President Barack Obama’s final budget blueprint seeks to continue federal investments in long-standing priorities—including early-childhood education and scaling up promising district practices—and a new area of focus: socioeconomic integration.
The spending plan, which the GOP Congress is unlikely to adopt wholesale, would largely take effect in the 2017-18 school year. That’s the first year that schools will be operating under the Every Student Succeeds Act, the newest version of the Elementary and Secondary Education Act.
makes room for some new ESSA programs, including a flexible block grant for districts and resources to help states and districts pare back the number of tests students take. But it would essentially flat-fund programs that nearly all school districts depend on to educate students in special education and those who are disadvantaged or in low-performing schools.
The budget asks for a modest boost overall for the U.S. Department of Education—$69.4 billion in discretionary funding, or a 1.9 percent increase over current levels.
“The president’s budget reflects the administration’s broader efforts to expand opportunity and ensure every child can achieve his or her full potential,” said acting Secretary of Education John B. King Jr. in a statement. “We have made tremendous progress with record high school graduation rates and more students of color going to college, but we have further to go to ensure that educational excellence is a reality for all students.”
GOP lawmakers, however, quickly threw cold water on the president’s $4.1 trillion proposal for the federal government as a whole.
“Once again, President Obama’s proposed budget spends too much, taxes too much, and borrows too much, and won’t go anywhere in a Republican Congress,” U.S. Sen. Lamar Alexander, R-Tenn., the chairman of the Senate education committee, said in a statement. “Instead of confronting our $19 trillion federal debt, President Obama wants to keep us on an unsustainable fiscal path that would pass along even more debt to future generations.”
Proposed discretionary spending on education in federal fiscal year 2017 falls into a few broad categories, with financial aid for higher education, including Pell grants for low-income students, continuing to make up the largest slice.
SOURCE: U.S. Department of Education
The Education Department budget request includes $120 million for Stronger Together, a new competitive-grant program aimed a helping schools become more socioeconomically diverse.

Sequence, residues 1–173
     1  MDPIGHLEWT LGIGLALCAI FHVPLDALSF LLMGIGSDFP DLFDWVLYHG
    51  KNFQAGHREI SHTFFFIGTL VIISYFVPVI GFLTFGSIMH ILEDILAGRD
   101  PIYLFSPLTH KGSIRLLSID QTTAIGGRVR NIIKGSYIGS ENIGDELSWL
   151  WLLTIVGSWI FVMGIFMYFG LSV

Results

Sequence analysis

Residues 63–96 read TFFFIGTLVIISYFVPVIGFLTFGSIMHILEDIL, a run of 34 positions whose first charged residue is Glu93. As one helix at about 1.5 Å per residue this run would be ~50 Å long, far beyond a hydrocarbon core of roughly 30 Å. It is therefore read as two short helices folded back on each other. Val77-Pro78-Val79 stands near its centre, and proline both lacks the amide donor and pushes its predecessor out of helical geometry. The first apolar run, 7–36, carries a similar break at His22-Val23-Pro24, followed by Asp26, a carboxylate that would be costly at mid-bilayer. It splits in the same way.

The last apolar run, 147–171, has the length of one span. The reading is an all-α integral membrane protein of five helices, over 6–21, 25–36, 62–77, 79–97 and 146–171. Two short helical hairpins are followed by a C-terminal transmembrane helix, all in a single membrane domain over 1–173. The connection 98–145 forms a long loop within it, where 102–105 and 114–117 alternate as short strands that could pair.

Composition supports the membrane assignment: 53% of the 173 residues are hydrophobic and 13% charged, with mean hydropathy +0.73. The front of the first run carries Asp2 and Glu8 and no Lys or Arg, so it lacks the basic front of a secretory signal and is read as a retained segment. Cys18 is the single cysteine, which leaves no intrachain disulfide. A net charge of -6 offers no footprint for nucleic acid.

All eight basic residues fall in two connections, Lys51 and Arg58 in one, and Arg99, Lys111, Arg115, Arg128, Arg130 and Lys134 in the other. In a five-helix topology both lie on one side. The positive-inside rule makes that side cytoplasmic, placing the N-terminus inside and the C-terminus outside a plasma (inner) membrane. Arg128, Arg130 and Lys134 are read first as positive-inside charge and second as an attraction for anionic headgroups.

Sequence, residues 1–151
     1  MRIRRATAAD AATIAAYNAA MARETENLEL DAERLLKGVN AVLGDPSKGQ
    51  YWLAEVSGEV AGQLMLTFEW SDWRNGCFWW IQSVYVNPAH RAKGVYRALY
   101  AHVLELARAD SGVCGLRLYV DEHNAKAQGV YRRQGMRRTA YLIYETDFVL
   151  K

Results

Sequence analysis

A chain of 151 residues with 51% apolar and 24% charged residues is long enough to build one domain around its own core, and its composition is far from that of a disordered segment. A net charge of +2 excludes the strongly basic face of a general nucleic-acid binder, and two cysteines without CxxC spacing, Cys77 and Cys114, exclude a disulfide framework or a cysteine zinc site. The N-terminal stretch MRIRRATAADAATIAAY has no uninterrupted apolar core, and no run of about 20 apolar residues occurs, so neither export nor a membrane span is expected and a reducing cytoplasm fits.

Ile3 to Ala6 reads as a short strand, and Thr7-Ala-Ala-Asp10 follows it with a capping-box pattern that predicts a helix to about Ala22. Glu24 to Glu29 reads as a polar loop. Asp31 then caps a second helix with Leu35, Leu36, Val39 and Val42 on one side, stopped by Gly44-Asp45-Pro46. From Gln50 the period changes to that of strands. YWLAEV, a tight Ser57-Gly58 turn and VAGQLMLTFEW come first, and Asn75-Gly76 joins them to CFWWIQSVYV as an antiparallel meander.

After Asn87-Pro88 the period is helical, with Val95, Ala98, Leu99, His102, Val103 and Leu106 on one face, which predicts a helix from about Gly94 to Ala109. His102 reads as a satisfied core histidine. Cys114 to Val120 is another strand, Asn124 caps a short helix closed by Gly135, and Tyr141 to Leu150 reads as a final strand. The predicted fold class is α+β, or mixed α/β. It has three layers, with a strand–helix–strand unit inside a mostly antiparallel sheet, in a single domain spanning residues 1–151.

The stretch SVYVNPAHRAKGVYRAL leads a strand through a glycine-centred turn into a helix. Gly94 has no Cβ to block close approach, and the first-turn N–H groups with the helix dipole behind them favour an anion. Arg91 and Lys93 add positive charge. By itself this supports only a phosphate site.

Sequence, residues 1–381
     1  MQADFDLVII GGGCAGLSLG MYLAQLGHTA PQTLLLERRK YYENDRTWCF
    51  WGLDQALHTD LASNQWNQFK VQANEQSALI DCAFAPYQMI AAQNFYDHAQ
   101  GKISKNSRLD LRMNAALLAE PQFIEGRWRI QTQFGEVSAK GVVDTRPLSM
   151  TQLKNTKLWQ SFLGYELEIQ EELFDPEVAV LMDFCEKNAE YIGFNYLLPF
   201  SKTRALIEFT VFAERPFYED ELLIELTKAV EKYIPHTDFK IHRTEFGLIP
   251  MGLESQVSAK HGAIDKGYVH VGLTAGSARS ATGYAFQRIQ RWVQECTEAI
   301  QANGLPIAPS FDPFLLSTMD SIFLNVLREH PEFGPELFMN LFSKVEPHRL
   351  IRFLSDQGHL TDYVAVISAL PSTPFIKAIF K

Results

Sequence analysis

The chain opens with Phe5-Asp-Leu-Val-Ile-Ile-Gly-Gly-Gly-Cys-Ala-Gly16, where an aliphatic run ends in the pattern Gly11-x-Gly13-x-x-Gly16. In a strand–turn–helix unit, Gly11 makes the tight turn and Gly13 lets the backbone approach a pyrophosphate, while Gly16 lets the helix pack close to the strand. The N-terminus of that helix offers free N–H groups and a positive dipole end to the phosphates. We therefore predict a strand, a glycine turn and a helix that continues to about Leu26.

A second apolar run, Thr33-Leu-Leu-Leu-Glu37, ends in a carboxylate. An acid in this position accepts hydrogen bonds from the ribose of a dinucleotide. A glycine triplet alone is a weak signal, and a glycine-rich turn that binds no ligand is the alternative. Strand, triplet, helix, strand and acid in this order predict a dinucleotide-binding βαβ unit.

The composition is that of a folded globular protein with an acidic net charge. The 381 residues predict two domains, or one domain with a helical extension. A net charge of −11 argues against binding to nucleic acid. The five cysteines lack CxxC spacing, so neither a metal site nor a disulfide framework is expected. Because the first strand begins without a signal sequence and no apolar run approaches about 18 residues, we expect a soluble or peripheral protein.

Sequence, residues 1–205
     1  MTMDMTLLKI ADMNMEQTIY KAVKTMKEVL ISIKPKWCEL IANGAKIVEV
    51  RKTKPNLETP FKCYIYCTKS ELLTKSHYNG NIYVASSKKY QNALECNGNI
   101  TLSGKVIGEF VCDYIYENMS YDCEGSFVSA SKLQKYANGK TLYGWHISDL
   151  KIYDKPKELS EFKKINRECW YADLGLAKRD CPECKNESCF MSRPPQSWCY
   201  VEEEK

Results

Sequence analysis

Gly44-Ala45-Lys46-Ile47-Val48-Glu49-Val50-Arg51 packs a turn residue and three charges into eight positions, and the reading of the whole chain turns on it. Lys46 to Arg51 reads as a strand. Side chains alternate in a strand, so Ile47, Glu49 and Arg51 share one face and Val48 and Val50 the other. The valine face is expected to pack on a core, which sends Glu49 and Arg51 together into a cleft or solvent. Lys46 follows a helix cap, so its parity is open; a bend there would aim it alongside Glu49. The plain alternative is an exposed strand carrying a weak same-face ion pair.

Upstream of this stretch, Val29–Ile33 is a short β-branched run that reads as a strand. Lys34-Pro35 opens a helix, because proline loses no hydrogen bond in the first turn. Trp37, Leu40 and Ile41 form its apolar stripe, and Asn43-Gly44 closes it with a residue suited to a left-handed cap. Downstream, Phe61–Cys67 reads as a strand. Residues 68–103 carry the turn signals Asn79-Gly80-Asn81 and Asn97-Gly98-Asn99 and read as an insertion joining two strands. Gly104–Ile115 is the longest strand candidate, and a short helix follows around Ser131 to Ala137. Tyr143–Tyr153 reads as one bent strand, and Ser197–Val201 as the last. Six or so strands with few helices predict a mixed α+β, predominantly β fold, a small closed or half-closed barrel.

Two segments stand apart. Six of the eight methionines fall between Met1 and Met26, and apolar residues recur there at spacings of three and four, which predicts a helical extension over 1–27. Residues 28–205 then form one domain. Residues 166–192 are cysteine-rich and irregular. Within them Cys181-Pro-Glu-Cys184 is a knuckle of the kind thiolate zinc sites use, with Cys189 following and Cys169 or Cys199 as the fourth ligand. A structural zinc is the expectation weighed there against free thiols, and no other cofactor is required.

The money would go to districts, or groups of districts, that have big achievement gaps and problems with socioeconomic integration. The grants could be used either to help those districts figure out a plan to address the problems or to implement a strategy that’s already been devised.
The focus on integration isn’t a surprise: King has made the issue a theme of recent speeches.
And in a blog post published Feb. 9, the day the budget was released, he made the case for the new grant program, arguing that diversity can help get better outcomes for all students—and that it can help address big gaps in resource equity.
“It’s hard to miss the fact that when the children of welders and bankers are confined to separate schools, access to opportunity is not equal,” King wrote. “It’s no secret whose school ends up with the resources to succeed—from shiny new buildings with updated technology to Advanced Placement courses that will set them up for success in college.”
The integration emphasis is carried over into other parts of the education budget request. The president also wants $115 million for magnet schools, up from $96 million currently, in part for competitive grants to support desegregation efforts.
Plus, the budget seeks an additional $17 million for the charter school program, which would bring it to $350 million. The department would target funding for expansion grants to charter-management organizations that operate racially and socioeconomically diverse schools.
But for his part, Jeff Simering, the director of legislative services for the Council of the Great City Schools, was unhappy with the priority of the new program on socioeconomic integration at the expense of racial integration.
“Racial isolation still plagues the nation’s elementary and secondary school system,” he said in an email. “The new socioeconomic-integration proposal redirects attention and funding away from the continuing need for traditional integration of students.”
While Simering doesn’t expect the proposal to come to fruition given the tight budget climate, he would rather see $120 million more put toward magnet schools or Title I grants for disadvantaged students.